Beyond Bulgogi: Korean Pig Is What’s Worth Eating

Leave the beef to barbecue neophytes.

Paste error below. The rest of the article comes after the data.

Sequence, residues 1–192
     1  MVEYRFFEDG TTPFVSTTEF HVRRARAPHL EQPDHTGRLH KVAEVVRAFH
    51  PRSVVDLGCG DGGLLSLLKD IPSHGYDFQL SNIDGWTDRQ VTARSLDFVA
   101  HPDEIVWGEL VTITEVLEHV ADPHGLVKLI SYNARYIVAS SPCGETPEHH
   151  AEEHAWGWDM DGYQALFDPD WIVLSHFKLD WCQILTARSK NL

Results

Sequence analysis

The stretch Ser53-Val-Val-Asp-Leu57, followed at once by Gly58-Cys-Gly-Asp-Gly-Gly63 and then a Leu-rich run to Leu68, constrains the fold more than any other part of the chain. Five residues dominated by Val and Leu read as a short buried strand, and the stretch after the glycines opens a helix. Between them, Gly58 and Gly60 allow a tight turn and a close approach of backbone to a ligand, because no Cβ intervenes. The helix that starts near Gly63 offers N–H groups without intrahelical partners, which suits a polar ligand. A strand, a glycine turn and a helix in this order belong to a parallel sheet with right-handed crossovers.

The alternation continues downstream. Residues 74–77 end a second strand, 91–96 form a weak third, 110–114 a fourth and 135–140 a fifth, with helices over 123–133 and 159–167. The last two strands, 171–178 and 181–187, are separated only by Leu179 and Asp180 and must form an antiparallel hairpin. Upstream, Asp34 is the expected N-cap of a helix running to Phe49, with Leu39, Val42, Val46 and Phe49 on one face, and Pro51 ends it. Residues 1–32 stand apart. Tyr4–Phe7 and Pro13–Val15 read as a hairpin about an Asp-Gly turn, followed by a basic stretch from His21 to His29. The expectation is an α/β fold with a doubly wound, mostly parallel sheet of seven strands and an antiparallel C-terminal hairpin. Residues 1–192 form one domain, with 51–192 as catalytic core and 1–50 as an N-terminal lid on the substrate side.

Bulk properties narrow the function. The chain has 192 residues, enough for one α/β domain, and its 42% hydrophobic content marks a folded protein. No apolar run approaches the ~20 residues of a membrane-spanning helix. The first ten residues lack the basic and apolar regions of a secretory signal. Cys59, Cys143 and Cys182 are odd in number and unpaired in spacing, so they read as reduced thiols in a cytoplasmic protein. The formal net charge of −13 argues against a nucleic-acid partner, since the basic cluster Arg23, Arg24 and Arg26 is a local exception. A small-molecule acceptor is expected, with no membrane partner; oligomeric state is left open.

Koreans believe that if you dream of a pig, you'll get rich in the morning," Dan Gray of the blog Seoul Eats recently told me. Unfortunately, this isn't specific enough to help me interpret my dream journal. Must it be a live pig, or is roast pork sufficiently auspicious? Will grilled pork belly do, or can it be braised pig knuckle? If so, my lottery winnings must be in the mail.Most of the best-known Korean dishes in America contain beef: bulgogi, kalbi (short ribs), japchae, bibimbap, even many kinds of kimbap (Korean sushi) and soondubu (soft-tofu stews). But anyone who thinks kalbi is the ne plus ultra of Korean cuisine should sit down for a meal of samgyeopsal, or uncured pork belly.Samgyeopsal actually means "three-layer meat," referring to the striations of pink and white in its quarter-inch-thick slices. It's a Playskool painted-wood version of bacon, dauntingly solid in its raw state. Gray, who has lived and dined in Seoul for the past five years, says heavily marbled pork is so prized there that lean pork loin, for which we in the U.S. pay premium prices, is much cheaper than fattier cuts like the belly. And in Korea, pigs are still bred to pack on the pounds—just as they were in Western countries when lard was the primary cooking fat.While beef still has an aura of prestige in Korea, samgyeopsal is loaded with sentiment, says Gray. If a TV drama wants to depict a touching family reunion, the director will gather the family members around a plume of pork smoke. Down in Federal Way, Western Garden, located in a strip mall wedged between I-5 and Highway 99, prepares samgyeopsal much like you'd find in a corner joint in Seoul.Here, an order of samgyeopsal ($13.95) is the focal point of a two-hour meal, a pound of meat surrounded by more than a dozen sides and sauces, the fuel to soak up endless rounds of soju. Western Garden is the Korean equivalent of a red-checkeredcloth pasta place, comfortably broken in. At the tables in the center of the room, which are not equipped with gas grills, couples spoon up doses of hot beef-rib stew or dip into bowls of bibimbap. At the tables along the walls, young women pour shots of distilled rice wine for their fathers while their mothers flip and resort the pieces of meat. (To get access to the grill, you have to order either another meat in addition to the samgyeopsal, or a combination platter.) Every few minutes the waitresses emerge from the kitchen with a stone bowl of something boiling so fiercely that all of us involuntarily lean away from the aisle as they pass.While the squares of pork belly were sizzling on the legal-paper-sized grill, my tablemate and I distracted ourselves with the panchan, or side dishes: first a sharply pickled green bean, then an oval of summer squash dressed in sesame oil, then a piece of kimchi, until we made our way around the table. After 20 minutes, the pork squares had shrunk to half their initial size, the meat had become burnished and crisped around the edges, and the surfaces had bloomed with microscopic bubbles. I'd then pick up a piece of curly-edged green lettuce and cradle it between my thumb and index finger, swab a piece of samgyeopsal across a tiny plate of sesame oil and coarse salt, and gently lay it on the leaf. Add a little rice, a dab of ssamjang—fermented soybean paste mixed with a bit of sweet chile paste—a few tendrils of julienned scallion salad, perhaps a piece of cabbage kimchi. Then I'd wrap it up into a neat little packet: a Bollywood movie of a bite, a family epic with jokes, tears, five or six songs, and a thousand-extra dance spectacle.Kaya Asian BBQ and Grill, a very new, very stylish restaurant in Shoreline, doesn't just upscale Korean barbecue, it also upgrades samgyeopsal by introducing a Los Angeles specialty called dduk bo ssam. "Bo ssam" is a traditional way of eating steamed pork wrapped in lettuce or sesame leaves. (Most American foodistas know it as the signature dish of David Chang's Momofuku Ssam Bar in Manhattan.) About a decade ago, says Allisa Park (editor of the 2007 book Discovering Korean Cuisine), a restaurant in L.A.'s Koreatown called Shik Do Rak started offering "dduk bo ssam"—samgyeopsal wrapped with a lettuce-scallion salad in rice-noodle squares called dduk. This year, the trend is taking hold in Seattle's North and South Korea(towns). Honey Pig in Lakewood now offers a long list of barbecue combos with dduk, and Insadong in Lynnwood just introduced the wraps.The buzz around Kaya centers on the fact that the restaurant brought its chef up from Southern California, which in Korean circles is the equivalent of Canlis hiring Jason Franey away from Manhattan's Eleven Madison Park. Kaya's combination dinners, while pricier than Western Garden's, are still reasonable—$60 for a three-person combo that could probably stuff four. The all-inclusive combo starts with samgyeopsal from much-prized (fattier) black pigs, marinated ribeye and brisket, kalbi, an onion, and a few mushrooms for the grill. The waiters served us a rice-thickened pumpkin puree after we sat down, then ringed the grill with ceramic white rectangles of panchan—kimchi and spinach lightly tossed with sesame oil, of course, as well as raw crab legs slathered in sweet-spicy gochujang (crack with your teeth and slurp!) and, on one occasion, a scoop of creamy potato salad. To round out the meal, the restaurant throws in a bowl of spicy soybean-paste stew, an egg custard that foams up as it quickly cooks in a heated stone bowl, and a bottle of beer or soju."The noodles add a smooth texture," explained our waiter as he set down the dduk. Most of the noodle wraps I've eaten in L.A. and Oakland were like oversized chow fun, three-inch squares of a substantial rice noodle. Kaya's dduk were far finer, translucent and gossamer, and as I bit into the wraps I'd made (containing char-edged samgyeopsal, garlic, salad, and ssamjang), my tongue would slip over the surface of the noodle, a cool melisma before the crackle of the pork belly and the grainy gush of the soybean paste. Though Kaya's pork belly was plentiful and exquisite in quality (as was the beef, by the way), there were only six dduk for the entire table. We asked for more and were denied. Ridiculous, really; we spent the rest of the meal quickly ferrying bites of meat, salad, panchan, and sauce into our mouths, trying to replicate the wrap without the wrapper.The flight-path whoosh of the shiny chromed tabletop fans notwithstanding, Kaya's gorgeous: dark wood booths, mica-flecked black marble countertops, and poured-concrete floors, with rustic wooden masks the only ornamentation on the beige walls. There's a bit of country to this city cousin, but it's the equivalent of a hunting-plaid shirt vacuum-sealed to a hipster's chest. The server-to-diner ratio is double that of most restaurants; dressed all in black, little microphones curled around one ear, they haul ass around the booths, and I heard not one but two traffic accidents in the doorway to the kitchen.The third pork dish I ate last week was jokbal, braised pig shanks and trotters (no toes) served with ssamjang and a dip made with quarter-inch-long salted shrimp. Lynnwood's Sam Oh Jung, whose stews I've written about before ("Only a Fool Skips a Winter Hot Pot," Jan. 21), is one of the rare restaurants in the Puget Sound area to offer jokbal. It's very different from the version I ate this spring with Gray at Pyeongando in Seoul, a workingman's spot with a 30-minute wait out the door, a fleet of old women fishing the trotters out of steaming vats, and, on the table, battered aluminum trays of hot, roughly hacked trotters, the skin chewy, the fat translucent and plentiful.At Sam Oh Jung, the jokbal ($17.99) receives a refined treatment: The cooks braise a much leaner shank until most of the fat is rendered away. Then they remove the bones, roll up the shank to press the meat together, and chill it. Parsed into even 3-millimeter slices and fanned across the platter, the meat seemed firm when I picked it up with my chopsticks, but in the mouth the gelatin and collagen turned satiny and a wonderful, deep meatiness emerged, set off by a burst of salt from the shrimp sauce (the shrimp itself barely registered). This jokbal was almost like German headcheese, cold cuts for a four-star smorgasbord. In fact, I sent my tablemate home with the remaining pork, and she and her husband made jokbal sandwiches for lunch the next day, followed by a jokbal snack in the afternoon. Even if her credit-card balance won't see any improvement, 24 hours of braised pig trotter must guarantee some kind of porcine dreams.jkauffman@seattleweekly.com